Who deserves the credit for your successes? If you said, “I do,” you may be mostly right. We all must make our own choices and reap the results of those choices. However, I say you’re mostly right because no one succeeds in a vacuum. I believe that all successful people owe a debt of gratitude to others. And alone, we can have only a very limited impact on the world. As I’ve written before, one is too small a number to achieve greatness.
There’s a poem by Saxon White Kessinger that I’ve quoted often over the years, but I don’t think I’ve ever shared it here on my blog. I love it because it’s a great reminder of our insignificance on our own, along with our need for other people.
THE INDISPENSABLE MAN
Sometime when you’re feeling important;
Sometime when your ego’s on bloom;
Sometime when you take for granted,
You’re the best qualified in the room.
Sometime when you feel that your going
Would leave an unfillable hole;
Just follow this simple instruction,
And see how it humbles your soul.
Take a bucket and fill it with water,
Put your hand in it up to the wrist;
Pull it out and the hole that’s remaining,
Is a measure of how you’ll be missed.
You may splash all you please when you enter,
You can stir up the water galore;
But stop and you’ll find in a minute,
That it looks quite the same as before.
The moral in this quaint example
Is to do just the best that you can;
Be proud of yourself, but remember
THERE’S NO INDISPENSABLE MAN!
If you want to reach far, what must you do? Stand on the shoulders of giants! Here’s how:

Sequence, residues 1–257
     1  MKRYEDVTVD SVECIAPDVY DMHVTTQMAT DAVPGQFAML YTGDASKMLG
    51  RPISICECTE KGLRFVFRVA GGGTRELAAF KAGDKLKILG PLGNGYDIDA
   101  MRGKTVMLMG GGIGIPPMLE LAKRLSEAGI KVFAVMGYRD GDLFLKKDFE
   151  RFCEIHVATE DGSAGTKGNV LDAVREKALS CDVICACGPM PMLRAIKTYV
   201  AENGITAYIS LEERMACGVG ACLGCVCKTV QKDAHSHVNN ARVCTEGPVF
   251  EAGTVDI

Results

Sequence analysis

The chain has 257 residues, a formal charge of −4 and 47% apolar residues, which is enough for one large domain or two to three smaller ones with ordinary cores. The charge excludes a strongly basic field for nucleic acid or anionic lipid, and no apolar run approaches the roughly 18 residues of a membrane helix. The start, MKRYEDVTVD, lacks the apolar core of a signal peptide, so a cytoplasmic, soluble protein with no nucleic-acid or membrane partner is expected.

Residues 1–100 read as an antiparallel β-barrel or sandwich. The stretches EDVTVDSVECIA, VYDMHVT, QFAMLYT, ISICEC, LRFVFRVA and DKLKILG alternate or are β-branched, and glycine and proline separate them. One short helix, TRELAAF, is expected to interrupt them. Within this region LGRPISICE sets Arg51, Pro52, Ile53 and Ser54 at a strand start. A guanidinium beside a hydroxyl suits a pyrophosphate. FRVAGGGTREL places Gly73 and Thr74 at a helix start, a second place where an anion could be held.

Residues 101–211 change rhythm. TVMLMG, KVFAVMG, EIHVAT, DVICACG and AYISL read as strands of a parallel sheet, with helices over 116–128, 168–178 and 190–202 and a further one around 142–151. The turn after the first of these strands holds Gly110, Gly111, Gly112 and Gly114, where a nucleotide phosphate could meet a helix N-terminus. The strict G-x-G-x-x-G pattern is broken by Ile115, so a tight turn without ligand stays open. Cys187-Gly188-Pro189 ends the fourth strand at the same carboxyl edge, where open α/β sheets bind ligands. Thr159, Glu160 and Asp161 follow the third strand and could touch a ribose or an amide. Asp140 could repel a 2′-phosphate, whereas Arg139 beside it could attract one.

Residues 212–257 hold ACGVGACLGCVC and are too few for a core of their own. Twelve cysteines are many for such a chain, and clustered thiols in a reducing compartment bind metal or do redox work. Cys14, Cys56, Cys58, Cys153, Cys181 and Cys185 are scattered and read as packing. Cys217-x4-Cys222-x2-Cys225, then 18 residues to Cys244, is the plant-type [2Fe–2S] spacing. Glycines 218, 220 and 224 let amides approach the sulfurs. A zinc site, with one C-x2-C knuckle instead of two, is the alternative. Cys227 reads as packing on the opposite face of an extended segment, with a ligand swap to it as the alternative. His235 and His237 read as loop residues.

1. Stand on the lessons of history.
Norman Cousins writes, “History is a vast early warning system.” Over the centuries of human history, much has been recorded of the successes and failures of others. When we choose to study history, we tap into their lessons and have the opportunity to avoid some of their mistakes.
2. Stand on the lessons of others.
Throughout my life, starting when I was a very young man, I’ve made it a practice to spend time with people ahead of me on the journey. Observe and ask questions of people you respect, and you’ll gain incredible lessons that you can apply to your own life.
3. Stand on the lessons of experience.
When you learn from others first, you gain skills in evaluating experience in order to grow. I’ve often said that experience is not the best teacher; evaluated experience is. Use what you learn from others’ experience to evaluate your own, and you’ll go farther, faster, than you would have otherwise.
When you recognize that your success comes at least in part from standing on the shoulders of others, it humbles you. You realize that you’re not isolated or indispensable.
We all need other people. When you’re open to learning from others, you set yourself up for the kind of success that can lead to significance.